To Bidsketch or Not, That Is the Question (a Bidsketch Review)

Part of my glamorous life as a freelancer involves writing proposals. I’m admittedly not great at it. Proposal writing takes time – time that is “wasted” if the proposal isn’t accepted – and is frankly one of my least favorite administrative tasks.

In a perfect world, I’d do business on a handshake and receive fair compensation for a quality work product. My clients and I would slide down the WordPress rainbow to our waiting unicorns and ride off into a perfect sunset with nary a proposal on the horizon.

Yeah, whatever.

Proposals are Part of Business

I can’t get out of writing proposals, so what I went hunting for was a tool to help me in the process – something that would give me a better starting structure, a more professional appearance, and a way to manage proposals online. The two proposal writing tools that stand out in my business space (freelance web development) are Bidsketch and Quote Roller.

I did the free trials for both products and ended up selecting Bidsketch for two reasons:

  1. Better “boilerplate language” to get my proposals started
  2. Impressive and helpful drip email content with quick, actionable tips

In all fairness, this is post is not a comprehensive comparison between Quote Roller and Bidsketch – it’s just the impression I gathered after two weeks of trying them side by side. And, just so I have something nice to say, I’ll tell you that their website is a lot prettier than Bidsketch’s.

My Bidsketch Review

Prior to using Bidsketch, my workflow was this: Find an old proposal that most closely matched the new project, open it in MS Word and make all necessary edits, save it as a PDF, and email it to my potential client. (Hey, at least there were no fax machines involved.)

This process is flawed for many reasons, but top among them were inefficiency, a semi-lame looking document, and no good system for following up on an accepted proposal (i.e. getting signatures).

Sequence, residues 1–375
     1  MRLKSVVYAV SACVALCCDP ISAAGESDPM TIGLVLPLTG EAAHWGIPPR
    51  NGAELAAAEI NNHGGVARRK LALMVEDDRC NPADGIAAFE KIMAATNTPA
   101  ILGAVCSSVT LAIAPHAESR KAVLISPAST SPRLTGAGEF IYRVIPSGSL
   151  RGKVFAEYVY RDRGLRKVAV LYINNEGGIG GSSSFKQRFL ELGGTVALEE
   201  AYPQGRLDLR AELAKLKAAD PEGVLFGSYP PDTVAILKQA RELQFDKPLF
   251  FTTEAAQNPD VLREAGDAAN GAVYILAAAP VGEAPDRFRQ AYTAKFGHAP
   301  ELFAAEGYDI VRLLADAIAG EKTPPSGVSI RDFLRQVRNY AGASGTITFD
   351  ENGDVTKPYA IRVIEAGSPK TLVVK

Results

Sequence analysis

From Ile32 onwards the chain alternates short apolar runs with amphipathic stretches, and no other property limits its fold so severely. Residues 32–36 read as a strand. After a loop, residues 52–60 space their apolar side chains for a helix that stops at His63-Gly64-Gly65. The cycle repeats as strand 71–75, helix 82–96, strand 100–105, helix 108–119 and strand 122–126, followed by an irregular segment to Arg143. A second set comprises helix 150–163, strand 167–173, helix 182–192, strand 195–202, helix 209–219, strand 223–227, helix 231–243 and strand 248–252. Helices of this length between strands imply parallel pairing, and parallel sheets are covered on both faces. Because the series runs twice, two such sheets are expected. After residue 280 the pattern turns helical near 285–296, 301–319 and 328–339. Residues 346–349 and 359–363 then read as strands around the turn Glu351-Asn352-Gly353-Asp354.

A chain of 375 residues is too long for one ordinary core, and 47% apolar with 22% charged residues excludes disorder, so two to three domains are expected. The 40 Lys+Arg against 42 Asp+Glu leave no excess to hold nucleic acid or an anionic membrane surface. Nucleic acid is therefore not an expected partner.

Here’s how Bidsketch addressed these pains…

A better starting structure.

All in all, it took me less than 5 minutes to sign up and start writing my first proposal.

In Bidsketch, you create a client first and then a proposal. At the start, you choose a template (don’t think design, think “web design project template” or “social media marketing project template”) and the sections you want to include (i.e. Company Overview, Goals & Objectives).

The Bidsketch Proposal Process

There’s an entire library of sections you can mix and match to customize your proposal, but each template type starts you off with a recommended sections.

From there you can customize and compose the language of your proposal (I always start with the boilerplate language provided and then edit from there – you know how I love canned responses!), set your fees and outline services, timelines, etc.

It’s a guided step-by-step process that walks you through the entire proposal writing process. The focus and structure save me time, big time.

A more professional appearance.